• “Ditch Witch,” Lucius Shepard (Supernatural Noir, Dark Horse)
  • “The Last Triangle,” Jeffrey Ford (Supernatural Noir, Dark Horse)
  • “Omphalos,” Livia Llewellyn (Engines of Desire: Tales of Love & Other Horrors, Lethe Press)



“The Corpse Painter’s Masterpiece,” M. Rickert (The Magazine of Fantasy and Science Fiction, Sept/Oct, 2011)


  • “Absolute Zero,” Nadia Bulkin (Creatures: Thirty Years of Monsters, Prime Books)
  • “Hair,” Joan Aiken (The Monkey’s Wedding and Other Stories, Small Beer Press/ The Magazine of Fantasy and Science Fiction, July/Aug, 2011)
  • “Max,” Jason Ockert (The Iowa Review 41/1)
  • “Sunbleached,” Nathan Ballingrud (Teeth, HarperCollins)
  • “Things to Know About Being Dead,” Genevieve Valentine (Teeth, HarperCollins)



After the Apocalypse: Stories, Maureen F. McHugh (Small Beer Press)


  • The Corn Maiden and Other Nightmares, Joyce Carol Oates (Mysterious Press)
  • Engines of Desire: Tales of Love & Other Horrors, Livia Llewellyn (Lethe Press)
  • The Janus Tree, Glen Hirshberg (Subterranean Press)
  • Red Gloves, Christopher Fowler (PS Publishing)
  • What Wolves Know, Kit Reed (PS Publishing)



Ghosts by Gaslight, edited by Jack Dann and Nick Gevers (Harper Voyager)


  • Blood and Other Cravings, edited by Ellen Datlow (Tor)
  • A Book of Horrors, edited by Stephen Jones (Jo Fletcher Books)
  • Supernatural Noir, edited by Ellen Datlow (Dark Horse)
  • Teeth, edited by Ellen Datlow and Terri Windling (HarperCollins)
  • The Thackery T. Lambshead Cabinet of Curiosities, edited by Ann and Jeff VanderMeer (Harper Voyager)

Posted in Uncategorized

Interim blog- Endeavour awards

I promise book review this weekend. But, before that I thought that you might be interested in this.  The Nominees for the Endeavour Awards have been announced

  • The Endeavour Award, for the best book by an author residing in the Pacific Northwest, has announced its nominees:
  • Anna Dressed in Blood, Kendare Blake (Tor)
  • City of Ruins, Kristine Kathryn Rusch (Pyr)
  • River Marked, Patricia Briggs (Ace)
  • Robopocalypse, Daniel H. Wilson (Doubleday)
  • When the Saints, Dave Duncan (Tor)

The judges selecting the winner for this year’s award will be Gregory Benford, Lawrence M. Schoen, and Susan Shwartz. The winner will be announced on November 2, 2012 at Orycon 34.

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Posted in i science fiction, New weird fiction, politics, reviews, Science fiction, Weird. Weird fiction, world fiction

weaving a carpet of story

Book/s The Carpet Makers

Author/s Andreas Eschbach


Publisher Tom Doherty Associates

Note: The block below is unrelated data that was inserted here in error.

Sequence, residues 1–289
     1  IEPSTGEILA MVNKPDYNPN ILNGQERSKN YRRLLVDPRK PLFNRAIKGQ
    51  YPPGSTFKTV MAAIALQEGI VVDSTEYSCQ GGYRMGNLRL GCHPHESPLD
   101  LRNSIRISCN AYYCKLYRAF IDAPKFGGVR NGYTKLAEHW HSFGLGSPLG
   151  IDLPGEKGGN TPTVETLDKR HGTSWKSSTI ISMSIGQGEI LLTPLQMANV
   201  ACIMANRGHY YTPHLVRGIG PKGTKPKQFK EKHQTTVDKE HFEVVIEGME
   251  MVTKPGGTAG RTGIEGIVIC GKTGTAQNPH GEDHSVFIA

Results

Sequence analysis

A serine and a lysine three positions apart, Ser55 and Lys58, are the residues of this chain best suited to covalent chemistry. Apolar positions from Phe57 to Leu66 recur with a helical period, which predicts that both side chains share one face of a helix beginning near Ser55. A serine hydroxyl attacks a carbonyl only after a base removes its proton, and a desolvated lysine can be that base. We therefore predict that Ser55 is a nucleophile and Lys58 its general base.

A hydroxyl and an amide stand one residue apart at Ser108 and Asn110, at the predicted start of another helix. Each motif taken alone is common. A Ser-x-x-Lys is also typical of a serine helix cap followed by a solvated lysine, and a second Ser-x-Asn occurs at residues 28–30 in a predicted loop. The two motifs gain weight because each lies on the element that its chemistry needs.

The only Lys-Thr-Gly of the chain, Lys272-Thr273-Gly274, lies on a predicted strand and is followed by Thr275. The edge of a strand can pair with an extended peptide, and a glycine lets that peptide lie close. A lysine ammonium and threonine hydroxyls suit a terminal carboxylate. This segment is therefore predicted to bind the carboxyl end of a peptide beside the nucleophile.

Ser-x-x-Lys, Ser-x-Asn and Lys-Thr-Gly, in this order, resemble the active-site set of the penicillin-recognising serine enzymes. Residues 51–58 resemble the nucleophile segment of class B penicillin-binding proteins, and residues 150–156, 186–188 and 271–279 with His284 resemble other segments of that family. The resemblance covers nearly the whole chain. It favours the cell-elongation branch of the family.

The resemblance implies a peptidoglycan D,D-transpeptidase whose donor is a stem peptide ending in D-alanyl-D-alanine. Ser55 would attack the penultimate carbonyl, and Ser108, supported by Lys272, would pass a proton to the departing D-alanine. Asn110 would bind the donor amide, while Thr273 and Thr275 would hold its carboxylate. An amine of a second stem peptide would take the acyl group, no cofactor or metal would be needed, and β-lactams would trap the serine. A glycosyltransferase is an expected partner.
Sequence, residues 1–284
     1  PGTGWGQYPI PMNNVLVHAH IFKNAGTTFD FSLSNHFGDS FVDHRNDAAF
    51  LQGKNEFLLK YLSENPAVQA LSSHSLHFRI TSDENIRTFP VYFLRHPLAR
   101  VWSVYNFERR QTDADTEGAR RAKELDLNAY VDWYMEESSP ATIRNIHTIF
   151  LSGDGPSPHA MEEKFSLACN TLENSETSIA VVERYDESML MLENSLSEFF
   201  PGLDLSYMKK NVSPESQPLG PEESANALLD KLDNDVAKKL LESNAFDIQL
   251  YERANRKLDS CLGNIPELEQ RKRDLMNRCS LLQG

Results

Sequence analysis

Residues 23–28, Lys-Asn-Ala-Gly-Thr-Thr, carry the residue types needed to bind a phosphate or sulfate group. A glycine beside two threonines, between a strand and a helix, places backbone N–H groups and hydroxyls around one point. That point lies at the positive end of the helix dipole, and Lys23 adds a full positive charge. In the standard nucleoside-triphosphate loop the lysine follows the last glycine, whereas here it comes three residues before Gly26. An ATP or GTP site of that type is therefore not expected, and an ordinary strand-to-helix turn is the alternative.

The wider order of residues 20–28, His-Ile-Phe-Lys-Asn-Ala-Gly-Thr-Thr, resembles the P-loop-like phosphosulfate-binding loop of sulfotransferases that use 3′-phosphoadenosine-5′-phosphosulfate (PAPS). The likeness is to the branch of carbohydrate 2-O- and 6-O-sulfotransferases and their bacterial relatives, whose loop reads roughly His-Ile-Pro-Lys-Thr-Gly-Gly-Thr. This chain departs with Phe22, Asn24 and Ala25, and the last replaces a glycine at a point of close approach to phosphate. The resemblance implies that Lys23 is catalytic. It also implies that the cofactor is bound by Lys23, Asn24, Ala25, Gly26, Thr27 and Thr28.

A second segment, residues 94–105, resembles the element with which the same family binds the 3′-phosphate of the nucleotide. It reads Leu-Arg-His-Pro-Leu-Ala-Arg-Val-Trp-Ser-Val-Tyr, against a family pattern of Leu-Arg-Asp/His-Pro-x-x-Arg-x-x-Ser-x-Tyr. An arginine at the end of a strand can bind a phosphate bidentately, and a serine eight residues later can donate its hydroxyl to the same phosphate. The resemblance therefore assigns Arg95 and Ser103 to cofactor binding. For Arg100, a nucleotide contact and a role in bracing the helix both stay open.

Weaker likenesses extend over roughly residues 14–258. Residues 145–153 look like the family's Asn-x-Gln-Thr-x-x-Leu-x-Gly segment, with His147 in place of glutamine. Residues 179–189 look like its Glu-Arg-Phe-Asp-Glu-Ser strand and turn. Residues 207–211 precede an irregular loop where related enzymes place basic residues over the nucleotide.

Format Hardback

Accessibility of format once again, I must comment on the beautifulness of a cover.  This one really sums up the book well. The font is small but the print was a dark hue. Therefore, the book was relatively easy to read.

Other formats available – shows that the only edition that they have is a paperback. But, the hardback is available via Amazon market place. The situation seems to be the same for  Book Depository also has the paperback. There is no Kindle edition.

Where did I get this book?

Date read May 28th 2012

Why I read?  It was chosen by the Goodreads reading ‘alternative worlds’ And therefore, I was encouraged to read it by a group requirement.

Rating 5 stars

Gut Feeling I would not have found this book on my own.  And, this book is not a easy book to like.  It does little to encourage the reader.  If you are into easy reads then this is not for you.   In addition, if you like hard science fiction then the inconsistencies in the science of this book will cause problems for you.  In fact, I doubt that this is science fiction but it is science fantasy.  It is set in a science fiction universe but the science makes little sense. But, despite its’ inconsistencies and difficulties, I love this book. I love the world that it creates.  I love the way that it takes the various story threads and makes a whole.  Just like a carpet weaver weaves a carpet from various threads.

Structure of work and story ark At first glance, each chapter of this work tells a completely separate tale, which has little or no connection to the one that went before.  But, if you continue reading you will find that a pattern emerges and a story unfolds.  The story begins with a father chastising his son for not taking enough interest in the family business of carpet weaving.  Then travels alongside a young girl mourning her lost love, a dying prince in a dying world and rebels trying to overthrow a non-existent ruler.

World building

For all its eccentricities, it is the world that makes this book. Its’ unique character piques the readers curiosity.  Its’ atmosphere stays with you long after the book has ended.  You can smell the sand, feel the heat and hear the noise of the bazaars.



Characters The characters are interesting enough to engage the reader but not unique enough to stay with you after the story has ended. The most enthralling character within this narrative is the world itself.

Conclusion If you like a simple narrative arc then maybe this book is not for you.  But, if you enjoy a well developed and intriguing world then you should read this book.


Posted in Uncategorized

Olympic read #3


Book/s The Akata Witch

Author/s Nnedi Okarafor

Publisher  Viking

Genre- YA Fantasy